Alex Weston

Photo by Franky Rousseau

Sandro/Charline:Both (2021)

PRIMAVERA II the rabbits

from the composer

While Charline von Heyl’s “Primavera 2020” is inextricably linked to Sandro Botticelli’s original work, the ways in which they are diametrically opposed are just as crucial, and this dichotomy provided me both with a compositional challenge, as well as a method to approach the work. I first wanted to approach the piece with a lighter, lilting, almost dance-like approach to reflect the energy and vibrancy of the original painting. However, Heyl’s work inverts this energy. It relegates the characters to the dark background, dramatically overlaying the wildlife and other objects that are just details in the Botticelli work. It prefers the red of Venus and Mercury’s cloth to the characters themselves. I tried to represent this as a shifting weight of sorts through the cello motif. The melody anticipates the downbeat to remove the grounding sense of rhythm, and is structured in a series of short, off-weight crescendos that retreat into silence, restarting the phrase with a variation instead of continually growing and developing. The ‘weight’ of the inverse work resets it. As the piece continues, there are brief moments of playfulness, but those are precluded by heavy double stops (or playing two strings simultaneously), which were another technique I used to represent the duality and relationship of the two works of art. There
is a motif used throughout the work of a double stop but both strings are playing the same pitch and then gradually getting further from that unison, as the two works diverge from the same source, the same Roman mythological inspiration. The piece ends with this gesture, a double stop between a pitch played normally and a harmonic, quietly diminuendoing to nothing. I would like to thank The Primavera Project and Matt Haimovitz for inviting me to be a part of this inspiring project.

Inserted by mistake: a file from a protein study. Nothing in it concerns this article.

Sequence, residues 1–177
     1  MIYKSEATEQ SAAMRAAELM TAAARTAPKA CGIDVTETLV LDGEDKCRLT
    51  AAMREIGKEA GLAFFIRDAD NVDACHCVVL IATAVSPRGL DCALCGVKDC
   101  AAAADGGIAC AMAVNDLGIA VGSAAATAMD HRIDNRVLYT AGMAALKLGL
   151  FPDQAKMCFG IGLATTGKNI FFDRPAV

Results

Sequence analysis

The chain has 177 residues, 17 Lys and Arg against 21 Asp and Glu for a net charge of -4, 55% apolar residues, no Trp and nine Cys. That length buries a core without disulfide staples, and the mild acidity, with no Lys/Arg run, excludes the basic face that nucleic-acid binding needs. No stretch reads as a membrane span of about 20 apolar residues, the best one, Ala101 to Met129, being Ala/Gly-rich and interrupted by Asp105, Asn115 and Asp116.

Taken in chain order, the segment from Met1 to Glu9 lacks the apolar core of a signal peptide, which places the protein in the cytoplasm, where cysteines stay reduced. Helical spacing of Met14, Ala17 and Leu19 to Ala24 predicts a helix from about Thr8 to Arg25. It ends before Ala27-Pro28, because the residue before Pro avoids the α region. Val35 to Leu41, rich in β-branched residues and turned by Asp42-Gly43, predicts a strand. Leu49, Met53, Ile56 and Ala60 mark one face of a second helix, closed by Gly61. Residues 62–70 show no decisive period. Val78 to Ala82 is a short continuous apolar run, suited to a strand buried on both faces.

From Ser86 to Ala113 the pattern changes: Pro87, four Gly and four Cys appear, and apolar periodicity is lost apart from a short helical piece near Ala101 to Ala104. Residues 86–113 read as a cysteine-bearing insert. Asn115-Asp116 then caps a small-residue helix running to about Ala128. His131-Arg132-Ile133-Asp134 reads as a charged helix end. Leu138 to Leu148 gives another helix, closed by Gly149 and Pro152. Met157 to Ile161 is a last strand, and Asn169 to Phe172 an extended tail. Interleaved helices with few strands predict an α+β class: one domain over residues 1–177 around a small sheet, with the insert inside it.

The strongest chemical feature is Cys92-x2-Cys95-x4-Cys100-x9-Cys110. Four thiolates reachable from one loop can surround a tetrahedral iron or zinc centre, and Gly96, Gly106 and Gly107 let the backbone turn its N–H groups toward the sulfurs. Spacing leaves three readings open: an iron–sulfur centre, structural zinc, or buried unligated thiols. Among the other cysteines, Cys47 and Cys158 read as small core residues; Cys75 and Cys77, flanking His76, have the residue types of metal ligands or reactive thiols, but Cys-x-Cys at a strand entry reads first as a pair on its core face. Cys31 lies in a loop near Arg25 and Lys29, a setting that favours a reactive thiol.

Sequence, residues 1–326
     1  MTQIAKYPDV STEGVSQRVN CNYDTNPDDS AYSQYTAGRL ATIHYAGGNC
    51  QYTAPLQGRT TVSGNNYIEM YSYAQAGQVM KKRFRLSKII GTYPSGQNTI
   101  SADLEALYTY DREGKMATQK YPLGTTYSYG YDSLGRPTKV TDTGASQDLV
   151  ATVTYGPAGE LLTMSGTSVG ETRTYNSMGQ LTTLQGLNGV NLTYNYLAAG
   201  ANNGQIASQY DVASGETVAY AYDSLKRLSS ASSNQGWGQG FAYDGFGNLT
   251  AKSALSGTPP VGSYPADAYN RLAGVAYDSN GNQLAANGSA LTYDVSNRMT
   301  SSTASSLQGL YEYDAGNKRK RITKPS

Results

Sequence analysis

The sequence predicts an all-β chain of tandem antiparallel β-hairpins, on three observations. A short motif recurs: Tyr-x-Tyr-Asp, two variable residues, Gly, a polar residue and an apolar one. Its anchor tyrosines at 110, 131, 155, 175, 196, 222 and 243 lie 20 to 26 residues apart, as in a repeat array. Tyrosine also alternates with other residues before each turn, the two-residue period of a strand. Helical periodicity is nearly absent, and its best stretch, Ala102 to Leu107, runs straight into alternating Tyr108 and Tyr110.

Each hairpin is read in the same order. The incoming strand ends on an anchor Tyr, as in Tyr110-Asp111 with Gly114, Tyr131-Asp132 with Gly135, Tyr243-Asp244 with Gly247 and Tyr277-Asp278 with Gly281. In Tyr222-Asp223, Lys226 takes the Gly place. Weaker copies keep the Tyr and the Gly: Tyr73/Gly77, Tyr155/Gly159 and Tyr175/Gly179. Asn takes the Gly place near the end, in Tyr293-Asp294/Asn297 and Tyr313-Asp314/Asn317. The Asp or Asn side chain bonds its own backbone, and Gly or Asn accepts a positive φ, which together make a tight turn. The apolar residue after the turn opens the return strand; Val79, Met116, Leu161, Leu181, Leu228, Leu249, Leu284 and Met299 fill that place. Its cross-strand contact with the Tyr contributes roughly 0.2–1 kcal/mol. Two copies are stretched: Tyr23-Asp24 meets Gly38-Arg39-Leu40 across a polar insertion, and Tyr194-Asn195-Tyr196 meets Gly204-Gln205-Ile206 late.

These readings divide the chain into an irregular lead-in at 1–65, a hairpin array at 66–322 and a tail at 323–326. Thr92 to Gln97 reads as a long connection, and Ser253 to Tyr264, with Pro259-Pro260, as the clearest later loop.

Alex Weston is a composer of music for concert works and film scores. His film scores have premiered at festivals around the world including Sundance, the Berlinale, the Venice Biennale, Slamdance. His recent effort for Lulu Wang’s The Farewell, which premiered at Sundance 2019 and distributed by A24, was described as “gorgeously scored” by Vanity Fair. The score was included on the shortlist for “Best Original Score” for the 2020 Oscars. He also recently scored a film entitled Wander Darkly by director Tara Miele, released by Lionsgate. Weston’s music has also been featured on The Affair (Showtime), Jane Fonda in Five Acts (HBO), the Ken Burns-produced documentary The Emperor of All Maladies (PBS), and various projects for NBC, Netflix and others. Alex’s concert works include commissions from the Lyrica Chamber Music Ensemble (a concerto for pianist David Kaplan), ABCIrque, the Utah Wind Symphony, MADArt Creative, Ballet in the City, and others. Alex’s music encapsulates his wide-ranging influences, combining classical structures and orchestration along with more modern harmonic language, electronics, and textures.